Silhouetted against the pink sky, a thousand beetles about the size of a thumb ricochet off each other and the branches, crashing into leaves and making whole boughs sway. The sound is loud enough to make me think perhaps a cat has jumped into the tree and has found itself stuck. A third sound enters, after the prayer call and the beetles, the scurrying of a gecko against the wall and another thud as it lands in the tree. A second gecko comes – the flurry of life above meaning dinner for these normally shy creatures.Further down the tree, silently working from the ground up, march ants. Three different sizes, carrying leaves, bits of mud, crumbs from the kitchen. They work their way up the trunk, tiptoeing across the washing line and forming a huddle against the back of an ageing leaf. A nest is formed around them, and they are protected in the gentle sway of the leaf against the ruckus above.
Stretching out between the leaves is a spider. Steady, silent, waiting. A network of webs connects the community, some yellow, some black, one spider with a large swollen backside. They await the caterpillars, moths and butterflies that also call these trees home.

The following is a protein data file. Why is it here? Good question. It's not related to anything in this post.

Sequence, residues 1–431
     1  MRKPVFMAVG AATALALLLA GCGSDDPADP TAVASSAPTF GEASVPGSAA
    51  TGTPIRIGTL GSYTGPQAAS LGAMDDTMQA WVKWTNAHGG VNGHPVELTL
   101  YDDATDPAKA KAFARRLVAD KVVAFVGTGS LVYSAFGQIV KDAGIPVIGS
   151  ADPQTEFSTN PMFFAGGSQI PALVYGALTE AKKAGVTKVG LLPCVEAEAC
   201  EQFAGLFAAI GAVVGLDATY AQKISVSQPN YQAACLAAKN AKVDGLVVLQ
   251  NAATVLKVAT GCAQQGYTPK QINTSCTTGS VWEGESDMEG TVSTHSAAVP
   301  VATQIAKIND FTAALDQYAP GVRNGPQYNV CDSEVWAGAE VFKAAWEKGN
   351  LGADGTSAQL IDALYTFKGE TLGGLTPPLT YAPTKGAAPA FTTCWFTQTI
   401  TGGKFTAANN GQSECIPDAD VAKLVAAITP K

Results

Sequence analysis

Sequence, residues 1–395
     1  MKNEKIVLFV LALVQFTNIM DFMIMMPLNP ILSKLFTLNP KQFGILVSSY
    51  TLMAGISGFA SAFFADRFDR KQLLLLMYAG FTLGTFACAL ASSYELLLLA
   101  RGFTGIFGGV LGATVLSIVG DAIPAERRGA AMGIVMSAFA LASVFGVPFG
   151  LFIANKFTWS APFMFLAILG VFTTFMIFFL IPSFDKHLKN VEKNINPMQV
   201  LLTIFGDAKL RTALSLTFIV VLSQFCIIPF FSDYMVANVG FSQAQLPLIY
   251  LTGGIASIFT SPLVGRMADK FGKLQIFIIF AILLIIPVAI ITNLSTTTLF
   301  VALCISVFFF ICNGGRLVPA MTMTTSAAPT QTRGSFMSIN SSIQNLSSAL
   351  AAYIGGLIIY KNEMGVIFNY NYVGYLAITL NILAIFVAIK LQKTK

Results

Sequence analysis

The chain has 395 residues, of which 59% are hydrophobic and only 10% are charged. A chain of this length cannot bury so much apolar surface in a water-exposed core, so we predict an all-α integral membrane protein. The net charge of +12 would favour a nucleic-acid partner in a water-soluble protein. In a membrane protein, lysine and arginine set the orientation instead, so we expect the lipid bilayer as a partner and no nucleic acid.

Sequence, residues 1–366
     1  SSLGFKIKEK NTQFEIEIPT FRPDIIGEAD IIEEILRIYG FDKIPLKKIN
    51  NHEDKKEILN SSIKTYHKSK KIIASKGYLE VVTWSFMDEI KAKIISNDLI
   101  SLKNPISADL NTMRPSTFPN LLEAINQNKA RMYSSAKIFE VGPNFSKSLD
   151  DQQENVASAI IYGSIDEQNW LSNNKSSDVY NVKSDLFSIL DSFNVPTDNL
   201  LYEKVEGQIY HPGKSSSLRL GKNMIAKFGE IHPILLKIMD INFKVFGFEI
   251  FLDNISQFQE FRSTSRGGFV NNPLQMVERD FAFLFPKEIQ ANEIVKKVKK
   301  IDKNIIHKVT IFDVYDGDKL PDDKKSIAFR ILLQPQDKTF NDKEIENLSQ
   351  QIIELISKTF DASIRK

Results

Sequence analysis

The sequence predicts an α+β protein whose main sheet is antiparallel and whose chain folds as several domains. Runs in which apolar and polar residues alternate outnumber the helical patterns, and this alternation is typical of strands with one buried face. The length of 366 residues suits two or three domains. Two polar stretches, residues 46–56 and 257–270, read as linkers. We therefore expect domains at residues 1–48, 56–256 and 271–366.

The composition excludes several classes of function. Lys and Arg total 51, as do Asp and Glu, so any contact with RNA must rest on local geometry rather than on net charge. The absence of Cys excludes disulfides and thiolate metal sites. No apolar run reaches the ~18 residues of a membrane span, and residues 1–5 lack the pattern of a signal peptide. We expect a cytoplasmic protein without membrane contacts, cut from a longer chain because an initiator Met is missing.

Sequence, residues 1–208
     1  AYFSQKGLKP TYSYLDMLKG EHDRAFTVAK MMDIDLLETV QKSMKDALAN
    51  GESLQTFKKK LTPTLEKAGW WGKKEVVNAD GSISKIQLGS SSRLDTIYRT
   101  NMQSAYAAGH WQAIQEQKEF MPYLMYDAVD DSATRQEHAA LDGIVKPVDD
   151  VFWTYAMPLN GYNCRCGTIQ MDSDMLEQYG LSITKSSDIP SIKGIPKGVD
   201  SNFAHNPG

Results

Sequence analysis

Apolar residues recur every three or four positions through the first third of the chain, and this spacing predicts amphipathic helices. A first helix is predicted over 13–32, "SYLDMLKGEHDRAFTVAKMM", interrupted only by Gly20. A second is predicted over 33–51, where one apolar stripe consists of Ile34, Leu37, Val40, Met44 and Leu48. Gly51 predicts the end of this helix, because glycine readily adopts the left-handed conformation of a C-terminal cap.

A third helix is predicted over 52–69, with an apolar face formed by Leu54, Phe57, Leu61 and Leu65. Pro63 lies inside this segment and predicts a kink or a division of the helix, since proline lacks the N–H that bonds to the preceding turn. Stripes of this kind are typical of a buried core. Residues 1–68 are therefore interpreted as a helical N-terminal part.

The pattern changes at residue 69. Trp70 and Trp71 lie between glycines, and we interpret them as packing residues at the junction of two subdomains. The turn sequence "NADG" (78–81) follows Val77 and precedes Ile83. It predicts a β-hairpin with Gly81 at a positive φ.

A few streets away, another sound is heard, the incessant whining of an electric saw. A sound common across the city where slowly slowly, one-by-one the trees are felled. Felled for land, felled to make way for roads, felled for wood. With each tree felled, one micro-world, all the beetles, the spiders, the ants, the butterflies, caterpillars and geckos lose a home. We speak a lot of protecting the forests, but we should also celebrate and protect the city trees too, the forgotten trees which obstruct telephone lines and whose roots uproot pavements. They remember to sustain life where in day to day life, on the road, at work, on campus we sometimes forget.
But for now, right now, I sit and appreciate this mango tree in my garden, and from her I get both rapturous noise and peace.